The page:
As a court clerk, I am well-versed in the jury-selection process. First a computer randomly selects a few hundred citizens from the entire county to report for jury duty on a particular day. Then another computer assigns 40 of those present to a courtroom. Then the 40 names are placed in a drum, and a dozen names are pulled. During jury selection for one trial, the judge asked potential Juror No. 12 if there was any reason he could not be a fair and impartial juror.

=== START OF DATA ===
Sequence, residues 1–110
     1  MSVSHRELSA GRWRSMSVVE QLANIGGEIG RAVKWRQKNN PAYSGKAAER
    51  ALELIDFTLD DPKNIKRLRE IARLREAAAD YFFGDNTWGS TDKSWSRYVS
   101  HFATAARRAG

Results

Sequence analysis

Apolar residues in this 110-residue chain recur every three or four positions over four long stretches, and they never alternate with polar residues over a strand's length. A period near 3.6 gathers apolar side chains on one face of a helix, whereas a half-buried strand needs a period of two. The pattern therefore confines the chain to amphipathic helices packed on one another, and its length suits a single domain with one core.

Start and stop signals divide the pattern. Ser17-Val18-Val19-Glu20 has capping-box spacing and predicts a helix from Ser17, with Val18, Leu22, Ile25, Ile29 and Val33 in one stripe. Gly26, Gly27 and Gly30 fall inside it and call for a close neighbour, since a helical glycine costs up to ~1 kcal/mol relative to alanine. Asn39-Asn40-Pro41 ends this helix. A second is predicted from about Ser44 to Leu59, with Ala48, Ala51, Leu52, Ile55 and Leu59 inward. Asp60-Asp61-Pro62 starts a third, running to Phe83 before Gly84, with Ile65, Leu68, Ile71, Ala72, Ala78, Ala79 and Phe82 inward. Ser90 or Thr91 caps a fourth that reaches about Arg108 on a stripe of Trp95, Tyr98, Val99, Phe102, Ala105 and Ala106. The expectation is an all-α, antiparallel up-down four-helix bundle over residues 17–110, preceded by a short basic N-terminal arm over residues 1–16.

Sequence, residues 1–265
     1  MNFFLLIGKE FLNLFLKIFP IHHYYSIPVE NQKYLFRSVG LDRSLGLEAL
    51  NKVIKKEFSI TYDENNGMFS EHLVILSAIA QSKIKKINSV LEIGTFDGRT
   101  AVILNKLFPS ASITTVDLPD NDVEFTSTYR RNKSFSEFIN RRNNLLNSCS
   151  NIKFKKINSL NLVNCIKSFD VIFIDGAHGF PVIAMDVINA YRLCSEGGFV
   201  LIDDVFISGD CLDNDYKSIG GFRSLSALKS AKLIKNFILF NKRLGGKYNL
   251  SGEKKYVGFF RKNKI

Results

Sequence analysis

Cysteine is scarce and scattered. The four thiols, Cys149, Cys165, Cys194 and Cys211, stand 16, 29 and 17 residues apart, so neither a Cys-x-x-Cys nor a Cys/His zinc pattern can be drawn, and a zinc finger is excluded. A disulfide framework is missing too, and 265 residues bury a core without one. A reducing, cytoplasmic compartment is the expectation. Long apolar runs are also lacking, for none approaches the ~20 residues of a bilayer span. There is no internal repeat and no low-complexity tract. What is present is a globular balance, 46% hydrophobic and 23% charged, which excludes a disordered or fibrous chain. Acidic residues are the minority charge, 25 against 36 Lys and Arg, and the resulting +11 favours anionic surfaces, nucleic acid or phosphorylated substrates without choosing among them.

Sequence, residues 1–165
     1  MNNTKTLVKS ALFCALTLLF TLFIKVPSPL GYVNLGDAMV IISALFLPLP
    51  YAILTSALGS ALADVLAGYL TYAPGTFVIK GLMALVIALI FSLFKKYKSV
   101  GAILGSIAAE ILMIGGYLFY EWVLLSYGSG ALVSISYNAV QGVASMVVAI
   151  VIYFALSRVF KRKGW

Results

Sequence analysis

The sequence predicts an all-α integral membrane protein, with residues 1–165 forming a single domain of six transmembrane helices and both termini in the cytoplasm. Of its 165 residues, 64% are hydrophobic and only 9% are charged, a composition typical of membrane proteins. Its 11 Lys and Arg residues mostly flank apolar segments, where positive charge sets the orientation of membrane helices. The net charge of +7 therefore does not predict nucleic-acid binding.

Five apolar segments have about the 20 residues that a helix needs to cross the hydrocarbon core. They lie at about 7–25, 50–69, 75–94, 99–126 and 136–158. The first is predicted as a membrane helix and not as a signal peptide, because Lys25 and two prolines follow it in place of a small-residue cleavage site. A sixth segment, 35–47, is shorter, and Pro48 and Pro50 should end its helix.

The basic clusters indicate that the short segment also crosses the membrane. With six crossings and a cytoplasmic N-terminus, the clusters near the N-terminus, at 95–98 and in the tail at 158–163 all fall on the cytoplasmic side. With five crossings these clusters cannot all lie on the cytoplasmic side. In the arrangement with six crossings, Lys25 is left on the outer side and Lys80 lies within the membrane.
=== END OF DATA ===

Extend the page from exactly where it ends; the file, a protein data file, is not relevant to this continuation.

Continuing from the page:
"There may be," he replied. "Juror No. 1 is my ex-wife, and if we were on the same jury, I guarantee we would not be able to agree on anything."
Both were excused.